176. Mike Noga The Retreat 9/9/2010

Judging by his banter,  Mike hates himself which kind of makes him un-charming.


177. Unknown and a guy from The Wildes at The Rainbow 10/9/2010

Unknown singer songwriter- horrible, but playing for his mates. The guy from the Wyldes was a better singer-songwriter.


178. Oscar’s Band, 5 Frederick Street Northcote, 11/9/2010.

Guitar, bass, drums, and keys. Kids whose parents are from the indie pop generation. Oscar’s band was better than a lot.  The first track I heard was Lonely girl, to which they laughed through the lyrics. Sister System was a great track which featured dueling keys and guitar from lead singer and keyboardist. The bassists voice had broken and the drummer was drinking mini cans of Coke. The ages range from 13-15, Oscar the eldest. This was all held in Betty’s studio in Northcote. It was excellent, so good that afterwards they went to IGA to get lollies! Most adorable gig of the year.


179. Spoonful Labour in Vain, 12/9/2010

Spoon full of shite. Left as soon as I could.


180. Peter Ewing, James McCann, Dave Ong and Gemma Rowlands, Marquis of Lorne, 12/9/2010.

Ewing was accompanied by Viola and Pedal. Sounded good. But when McCann performed with the same musicians, it bought out excellent highlights to songs I already loved. I must have been really lucky because he played Bound for the Blues and Sweet Casualty two of my favourite songs of his. Dave Ong and Gemma Rowlands played pokey country songs, and they did them really well. Enjoyable gig.


181. Jane Dust and the Giant Hoopoes, NSC, 12/9/2010.

Jane Dust in a leather mini, batwings and green eye shadow, accompanied by  The Giant Hoopoes, a string and horn section. It worked. It was excellent, perfectly pitched for my state of mind, singing songs of love and hope. Every moment was enjoyable, and afterwards I got to tell Jane Dust, how so. I love you Jane Dust you give me hope when I thought it was all dashed.


182. Fruit Jar The Old Bar 13/9/2010

Repetitive old timey music with some vocals. The first set is the band Fruit Jar.  The second is Fruit Jar plus others who bring their instruments. A nice way to usher in Monday night.

Grace loved it, amped up for dancing.


183. Jimmy Clinkerfield Stewart The Gem 14/9/2010

Boom! Shake The Room!? That’s what was playing as I reached the Gem. Jimmy had cheerleaders with pom poms delivering crap rap which was entertaining and unusual. That’s what he does – he’s an entertainer. The Gem was packed, the menu was full of bogan foods for Jimmy’s 100th show at the Gem. It was full of all the regulars. Jimmy sang straight songs, then at the break a rock’n’roll piano player played rock’n’roll on the piano. Then Jimmy made a speech with his best friend interviewing him as if he was on the boundary line. It was a fun night for Jimmy.


184. Streams of Whiskey Royal Derby 17/9/2010.

Grace made me do it… no she didn’t really but I thought it could be a good night out..seeing an Irish classics cover band doing mostly Pogues covers. And it was fun. The band were tight, and the gangly singer did his best Irish singing accent. Mandolin, Banjo, tin whistle, guitar, drums and tambourine. They were talented, fun, and it was extremely entertaining.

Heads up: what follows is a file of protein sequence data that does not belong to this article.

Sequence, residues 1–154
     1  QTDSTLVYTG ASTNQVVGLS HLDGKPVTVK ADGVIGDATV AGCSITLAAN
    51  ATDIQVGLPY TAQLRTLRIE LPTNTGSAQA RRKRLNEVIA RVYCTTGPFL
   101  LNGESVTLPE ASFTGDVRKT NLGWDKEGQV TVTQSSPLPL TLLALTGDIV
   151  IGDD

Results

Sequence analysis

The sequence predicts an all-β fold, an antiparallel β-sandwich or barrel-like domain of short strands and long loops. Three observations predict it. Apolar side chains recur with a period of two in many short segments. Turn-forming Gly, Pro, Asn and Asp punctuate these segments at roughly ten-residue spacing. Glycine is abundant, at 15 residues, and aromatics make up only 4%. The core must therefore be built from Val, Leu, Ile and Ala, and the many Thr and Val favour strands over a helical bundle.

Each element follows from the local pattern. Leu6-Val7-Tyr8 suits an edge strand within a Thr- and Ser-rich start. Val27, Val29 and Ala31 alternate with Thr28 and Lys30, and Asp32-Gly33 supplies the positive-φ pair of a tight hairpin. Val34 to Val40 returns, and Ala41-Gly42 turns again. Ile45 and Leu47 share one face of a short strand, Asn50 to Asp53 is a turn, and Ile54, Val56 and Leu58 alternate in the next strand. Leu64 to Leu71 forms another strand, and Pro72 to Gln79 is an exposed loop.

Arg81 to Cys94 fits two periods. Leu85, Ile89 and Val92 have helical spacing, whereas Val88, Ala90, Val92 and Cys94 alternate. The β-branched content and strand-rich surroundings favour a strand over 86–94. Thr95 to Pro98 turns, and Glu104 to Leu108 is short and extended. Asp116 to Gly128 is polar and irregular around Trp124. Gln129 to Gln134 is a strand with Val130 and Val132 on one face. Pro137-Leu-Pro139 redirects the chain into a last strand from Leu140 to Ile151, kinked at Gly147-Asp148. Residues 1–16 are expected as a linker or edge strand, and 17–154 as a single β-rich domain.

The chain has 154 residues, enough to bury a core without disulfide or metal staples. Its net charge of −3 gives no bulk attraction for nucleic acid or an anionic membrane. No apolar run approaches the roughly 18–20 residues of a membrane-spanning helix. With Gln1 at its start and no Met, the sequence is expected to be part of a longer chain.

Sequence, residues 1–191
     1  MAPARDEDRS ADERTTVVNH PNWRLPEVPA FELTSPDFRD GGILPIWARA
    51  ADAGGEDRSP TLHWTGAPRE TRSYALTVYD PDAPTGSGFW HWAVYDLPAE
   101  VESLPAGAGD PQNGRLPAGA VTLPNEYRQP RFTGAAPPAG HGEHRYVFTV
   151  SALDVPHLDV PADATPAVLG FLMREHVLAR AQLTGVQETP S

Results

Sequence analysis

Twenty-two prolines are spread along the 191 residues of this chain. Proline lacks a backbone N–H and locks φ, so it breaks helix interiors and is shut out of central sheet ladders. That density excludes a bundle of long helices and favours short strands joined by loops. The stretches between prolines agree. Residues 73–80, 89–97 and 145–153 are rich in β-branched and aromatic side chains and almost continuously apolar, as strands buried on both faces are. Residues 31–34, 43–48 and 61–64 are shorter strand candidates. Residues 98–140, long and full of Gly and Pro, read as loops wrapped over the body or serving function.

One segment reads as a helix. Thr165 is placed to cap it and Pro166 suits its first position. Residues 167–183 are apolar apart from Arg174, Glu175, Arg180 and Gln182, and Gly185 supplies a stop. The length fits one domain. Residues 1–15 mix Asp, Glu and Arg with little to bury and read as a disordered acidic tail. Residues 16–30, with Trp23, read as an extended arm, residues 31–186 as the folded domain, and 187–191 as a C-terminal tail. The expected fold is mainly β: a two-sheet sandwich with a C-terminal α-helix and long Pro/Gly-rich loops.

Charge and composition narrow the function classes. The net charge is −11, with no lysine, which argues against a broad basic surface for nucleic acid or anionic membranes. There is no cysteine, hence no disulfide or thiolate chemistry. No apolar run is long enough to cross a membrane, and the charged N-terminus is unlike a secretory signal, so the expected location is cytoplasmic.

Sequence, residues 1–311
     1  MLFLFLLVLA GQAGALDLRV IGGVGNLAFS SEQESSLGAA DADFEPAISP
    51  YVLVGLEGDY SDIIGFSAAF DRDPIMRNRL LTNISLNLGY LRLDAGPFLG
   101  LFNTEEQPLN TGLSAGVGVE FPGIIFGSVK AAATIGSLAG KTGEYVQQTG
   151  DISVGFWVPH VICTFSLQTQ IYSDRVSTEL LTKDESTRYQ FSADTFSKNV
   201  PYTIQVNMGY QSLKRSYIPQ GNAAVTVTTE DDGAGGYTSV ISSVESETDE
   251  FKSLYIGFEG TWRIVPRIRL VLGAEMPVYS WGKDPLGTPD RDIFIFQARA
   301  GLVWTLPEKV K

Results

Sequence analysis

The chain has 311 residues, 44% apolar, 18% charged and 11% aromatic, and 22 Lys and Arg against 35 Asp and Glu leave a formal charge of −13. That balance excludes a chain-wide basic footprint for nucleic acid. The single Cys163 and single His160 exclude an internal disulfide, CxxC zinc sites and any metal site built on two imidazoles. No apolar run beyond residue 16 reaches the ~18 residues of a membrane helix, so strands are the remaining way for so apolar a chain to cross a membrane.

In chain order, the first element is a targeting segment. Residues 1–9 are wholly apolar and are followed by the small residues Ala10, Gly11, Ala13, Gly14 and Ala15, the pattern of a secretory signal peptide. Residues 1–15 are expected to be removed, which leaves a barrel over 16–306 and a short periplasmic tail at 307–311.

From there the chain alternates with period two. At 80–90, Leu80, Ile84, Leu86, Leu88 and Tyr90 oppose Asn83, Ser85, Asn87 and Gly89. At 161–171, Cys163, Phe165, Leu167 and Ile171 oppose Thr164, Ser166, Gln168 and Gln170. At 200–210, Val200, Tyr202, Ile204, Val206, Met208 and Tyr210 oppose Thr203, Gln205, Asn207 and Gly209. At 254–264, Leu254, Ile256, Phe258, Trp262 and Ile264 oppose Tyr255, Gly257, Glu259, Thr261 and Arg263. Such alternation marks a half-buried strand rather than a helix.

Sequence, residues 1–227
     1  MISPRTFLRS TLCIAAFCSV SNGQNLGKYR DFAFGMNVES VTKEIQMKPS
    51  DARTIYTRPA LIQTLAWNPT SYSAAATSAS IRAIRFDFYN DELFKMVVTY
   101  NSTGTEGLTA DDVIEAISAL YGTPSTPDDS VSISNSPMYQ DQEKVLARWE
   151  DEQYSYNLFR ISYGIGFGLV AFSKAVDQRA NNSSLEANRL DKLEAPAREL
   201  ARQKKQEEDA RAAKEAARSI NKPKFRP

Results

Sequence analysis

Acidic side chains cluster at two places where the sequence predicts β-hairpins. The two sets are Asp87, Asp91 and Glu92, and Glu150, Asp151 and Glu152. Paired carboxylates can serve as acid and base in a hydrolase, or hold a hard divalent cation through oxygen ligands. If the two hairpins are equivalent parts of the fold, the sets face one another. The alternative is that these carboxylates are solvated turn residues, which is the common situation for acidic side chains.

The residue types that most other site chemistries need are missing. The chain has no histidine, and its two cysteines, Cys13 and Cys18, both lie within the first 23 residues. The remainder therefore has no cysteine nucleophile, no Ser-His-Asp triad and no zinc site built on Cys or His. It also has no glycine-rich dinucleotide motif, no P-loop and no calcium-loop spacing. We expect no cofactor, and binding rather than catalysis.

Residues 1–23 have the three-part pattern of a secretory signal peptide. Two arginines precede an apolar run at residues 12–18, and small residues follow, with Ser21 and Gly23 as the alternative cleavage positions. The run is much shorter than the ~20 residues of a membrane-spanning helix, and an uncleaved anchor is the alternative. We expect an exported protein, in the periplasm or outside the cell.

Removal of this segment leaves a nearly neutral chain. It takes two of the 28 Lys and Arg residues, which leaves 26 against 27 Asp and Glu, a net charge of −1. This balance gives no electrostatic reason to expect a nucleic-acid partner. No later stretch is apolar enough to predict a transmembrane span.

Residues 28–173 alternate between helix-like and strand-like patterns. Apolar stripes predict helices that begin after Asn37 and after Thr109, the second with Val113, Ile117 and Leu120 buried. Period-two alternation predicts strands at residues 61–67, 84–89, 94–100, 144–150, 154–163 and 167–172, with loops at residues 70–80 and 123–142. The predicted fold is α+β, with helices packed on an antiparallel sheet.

185. Jack on Fire The Old Bar 17/9/2010

Brooding, energetic, last song had the fast western cowboy sound that reminded me of Sixteen Horsepower.


186. The Cartridge Family, The Wildes, Que Paso The Thornbury Theatre 18/9/2010.

The Cartridge family consist of Sarah Carroll and guitar and Uke, Suzannah Espie on guitar and Mandolin, Rusty on banjo and a guy on electric guitar. As I Walked in they were playing Single Girl, Married Girl. Another one of those gigs I think I was mean to be at. I mean why would I want to be married? Or have a serious committed boyfriend? It would just be a noose right?! The rest of their set was old timey folk and country music, and they played more songs that fitted that thematic vain with a strong feminist slant. It was because of this, I liked them.


The Wildes are by no means stylish or cool in the slightest. They say they’re from Frankston and they look like they’re from Frankston in the 1990’s. They’ve easy to listen to country flavoured songs with strong pop sensibility and they’re nice.  Not amazing, but they are pleasant and down to earth and I think the singer/songwriter is a real talent. Interestingly though, it seems they’re not in that Fitzroy club.


Que Paso started off doing bluegrass styled music all around the mic. The first time I saw them they did that, and that was my favourite type. Chris Altmann plays so many instruments. He’s very musically talented but is he hammy?  Chris and Alysha did so much to make the evening: the decorations, lightshow, it was really nice, and all their friends were there.  It was actually a really fun gig, and after their two bluegrassy songs, they had their big band of Southern Rock with 3 back up singers, a horn section and added keys. At one point, Chris’ dad came on stage and played piano accordion. It was a great evening, I just wished more people had have come since so much work was put into it.